The goals of this project are to advance understanding of the molecular pathogenesis of pediatric high grad glioma (HGG), identify targets for therapeutic intervention and generate improved model systems for biological study and pre-clinical testing. Pediatric HGGs comprise 15-20% of all pediatric CMS tumors, and carry an abysmal prognosis, with 70-90% of patients dying within 2 years of diagnosis. While the molecular genetics of adult HGG has been investigated extensively, much less is known about the pediatric disease, in large part due to limiting patient samples. The lack of tumor material for research is especially challenging for HGG arising in the pons, termed diffuse brainstem gliomas (BSG), because they are not treated surgically. A comprehensive high-resolution molecular analysis of a large collection of pediatric HGG has never been reported. Importantly, there are distinct differences in the frequency of specific gene mutations between pediatric and adult HGG, indicating that targeted therapeutic strategies developed for adults may not be optimal approaches for children. The foundation for our proposal includes novel in vitro and in vivo models for HGG developed during the first funding period, and a unique large collection of rare pediatric HGG samples for biological studies. We will complete a comprehensive high resolution analysis of pediatric HGG, identify candidate oncogenes and tumor suppressor genes for HGG and test their contribution to astrocytic tumorigenesis, and use novel mouse models to dissect tumor suppressor function in gliomagenesis in vivo. Our studies will be integrated with others in this program project to identify unique cancer pathways underlying pediatric HGG and common pathways leading to pediatric brain tumors.
Up to 90% of children with high-grade glioma will die within 2 years of diagnosis. Our overall goal is to identify gene mutations that cause high-grade glioma in children and that can therefore act as targets for curative new therapies. We will also use and improve our existing model systems to test effects of these gene mutations and the ability of new therapeutic agents to stop glioma growth.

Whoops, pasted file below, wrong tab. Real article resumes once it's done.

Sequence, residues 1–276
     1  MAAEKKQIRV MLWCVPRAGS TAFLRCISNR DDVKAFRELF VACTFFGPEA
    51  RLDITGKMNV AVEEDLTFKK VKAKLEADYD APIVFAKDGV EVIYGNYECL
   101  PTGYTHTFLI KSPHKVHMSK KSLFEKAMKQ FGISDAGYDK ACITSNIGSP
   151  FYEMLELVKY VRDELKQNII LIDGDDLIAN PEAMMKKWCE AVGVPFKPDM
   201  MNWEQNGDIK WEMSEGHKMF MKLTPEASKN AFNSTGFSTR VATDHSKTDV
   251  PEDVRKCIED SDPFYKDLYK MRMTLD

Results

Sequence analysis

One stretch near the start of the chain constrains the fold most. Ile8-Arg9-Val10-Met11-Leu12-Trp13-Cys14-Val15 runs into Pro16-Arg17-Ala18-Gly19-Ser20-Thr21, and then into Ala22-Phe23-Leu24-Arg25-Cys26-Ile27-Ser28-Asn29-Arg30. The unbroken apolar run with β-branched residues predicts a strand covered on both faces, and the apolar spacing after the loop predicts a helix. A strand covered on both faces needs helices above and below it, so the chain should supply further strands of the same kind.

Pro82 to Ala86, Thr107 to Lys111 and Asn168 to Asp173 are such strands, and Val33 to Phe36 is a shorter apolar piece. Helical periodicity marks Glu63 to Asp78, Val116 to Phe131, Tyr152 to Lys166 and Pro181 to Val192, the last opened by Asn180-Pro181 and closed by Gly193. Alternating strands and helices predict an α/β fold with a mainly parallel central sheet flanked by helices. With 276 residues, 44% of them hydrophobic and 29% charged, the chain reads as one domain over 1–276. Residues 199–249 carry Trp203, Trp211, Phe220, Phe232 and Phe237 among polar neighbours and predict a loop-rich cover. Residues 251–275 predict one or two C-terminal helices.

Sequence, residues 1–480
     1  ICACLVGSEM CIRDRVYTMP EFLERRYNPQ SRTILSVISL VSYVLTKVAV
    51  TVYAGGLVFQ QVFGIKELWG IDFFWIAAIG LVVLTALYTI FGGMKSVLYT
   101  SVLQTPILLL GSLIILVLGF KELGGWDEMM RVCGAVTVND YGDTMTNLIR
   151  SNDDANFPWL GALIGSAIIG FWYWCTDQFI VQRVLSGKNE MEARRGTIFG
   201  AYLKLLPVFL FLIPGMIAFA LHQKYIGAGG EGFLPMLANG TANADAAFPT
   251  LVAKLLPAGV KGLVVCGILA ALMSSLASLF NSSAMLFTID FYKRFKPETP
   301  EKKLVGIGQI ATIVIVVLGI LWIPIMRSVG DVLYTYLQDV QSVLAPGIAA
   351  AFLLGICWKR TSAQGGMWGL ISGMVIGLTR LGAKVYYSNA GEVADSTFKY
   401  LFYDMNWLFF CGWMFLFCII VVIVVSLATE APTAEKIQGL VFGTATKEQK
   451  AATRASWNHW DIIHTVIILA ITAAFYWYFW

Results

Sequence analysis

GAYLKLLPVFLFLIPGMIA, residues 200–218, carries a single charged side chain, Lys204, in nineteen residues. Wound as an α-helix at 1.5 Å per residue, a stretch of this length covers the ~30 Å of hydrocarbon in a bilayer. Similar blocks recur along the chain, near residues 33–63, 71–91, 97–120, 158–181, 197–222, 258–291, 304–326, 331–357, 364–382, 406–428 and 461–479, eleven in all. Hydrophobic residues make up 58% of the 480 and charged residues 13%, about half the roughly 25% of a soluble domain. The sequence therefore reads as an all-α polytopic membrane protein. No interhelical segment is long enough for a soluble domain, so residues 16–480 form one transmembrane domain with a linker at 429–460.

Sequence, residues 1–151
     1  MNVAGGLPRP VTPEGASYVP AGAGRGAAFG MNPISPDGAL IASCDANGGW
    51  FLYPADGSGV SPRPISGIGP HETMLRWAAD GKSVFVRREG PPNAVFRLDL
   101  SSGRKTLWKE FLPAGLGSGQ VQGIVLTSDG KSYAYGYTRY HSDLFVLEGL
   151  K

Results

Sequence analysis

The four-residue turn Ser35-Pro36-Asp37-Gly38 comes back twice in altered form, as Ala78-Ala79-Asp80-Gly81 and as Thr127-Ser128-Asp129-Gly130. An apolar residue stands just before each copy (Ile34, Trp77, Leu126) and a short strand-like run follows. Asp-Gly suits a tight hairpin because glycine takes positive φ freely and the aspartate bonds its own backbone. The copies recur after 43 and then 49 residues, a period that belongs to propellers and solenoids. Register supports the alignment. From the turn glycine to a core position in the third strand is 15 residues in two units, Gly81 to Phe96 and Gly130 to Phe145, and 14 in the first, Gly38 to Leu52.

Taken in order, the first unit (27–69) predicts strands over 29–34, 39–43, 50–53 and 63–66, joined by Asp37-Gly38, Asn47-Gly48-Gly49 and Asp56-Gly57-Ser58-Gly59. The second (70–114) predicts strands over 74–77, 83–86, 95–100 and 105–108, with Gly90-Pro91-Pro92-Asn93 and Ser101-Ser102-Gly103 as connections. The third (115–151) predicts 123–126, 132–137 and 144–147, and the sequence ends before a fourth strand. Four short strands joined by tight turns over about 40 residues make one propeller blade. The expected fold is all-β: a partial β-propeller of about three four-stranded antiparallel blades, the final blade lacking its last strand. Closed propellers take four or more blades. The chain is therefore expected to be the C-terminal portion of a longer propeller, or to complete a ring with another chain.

|Eden, C J; Ju, B; Murugesan, M et al. (2015) Orthotopic models of pediatric brain tumors in zebrafish. Oncogene 34:1736-42|
|Parker, Matthew; Mohankumar, Kumarasamypet M; Punchihewa, Chandanamali et al. (2014) C11orf95-RELA fusions drive oncogenic NF-?B signalling in ependymoma. Nature 506:451-5|
|Huether, Robert; Dong, Li; Chen, Xiang et al. (2014) The landscape of somatic mutations in epigenetic regulators across 1,000 paediatric cancer genomes. Nat Commun 5:3630|
|Wu, Gang; Diaz, Alexander K; Paugh, Barbara S et al. (2014) The genomic landscape of diffuse intrinsic pontine glioma and pediatric non-brainstem high-grade glioma. Nat Genet 46:444-50|
|Katyal, Sachin; Lee, Youngsoo; Nitiss, Karin C et al. (2014) Aberrant topoisomerase-1 DNA lesions are pathogenic in neurodegenerative genome instability syndromes. Nat Neurosci 17:813-21|
|Diaz, Alexander K; Baker, Suzanne J (2014) The genetic signatures of pediatric high-grade glioma: no longer a one-act play. Semin Radiat Oncol 24:240-7|
|Northcott, Paul A; Lee, Catherine; Zichner, Thomas et al. (2014) Enhancer hijacking activates GFI1 family oncogenes in medulloblastoma. Nature 511:428-34|
|Lee, Youngsoo; Brown, Eric J; Chang, Sandy et al. (2014) Pot1a prevents telomere dysfunction and ATM-dependent neuronal loss. J Neurosci 34:7836-44|
|Morfouace, Marie; Shelat, Anang; Jacus, Megan et al. (2014) Pemetrexed and gemcitabine as combination therapy for the treatment of Group3 medulloblastoma. Cancer Cell 25:516-29|
|Jones, Chris; Baker, Suzanne J (2014) Unique genetic and epigenetic mechanisms driving paediatric diffuse high-grade glioma. Nat Rev Cancer 14:|
Showing the most recent 10 out of 97 publications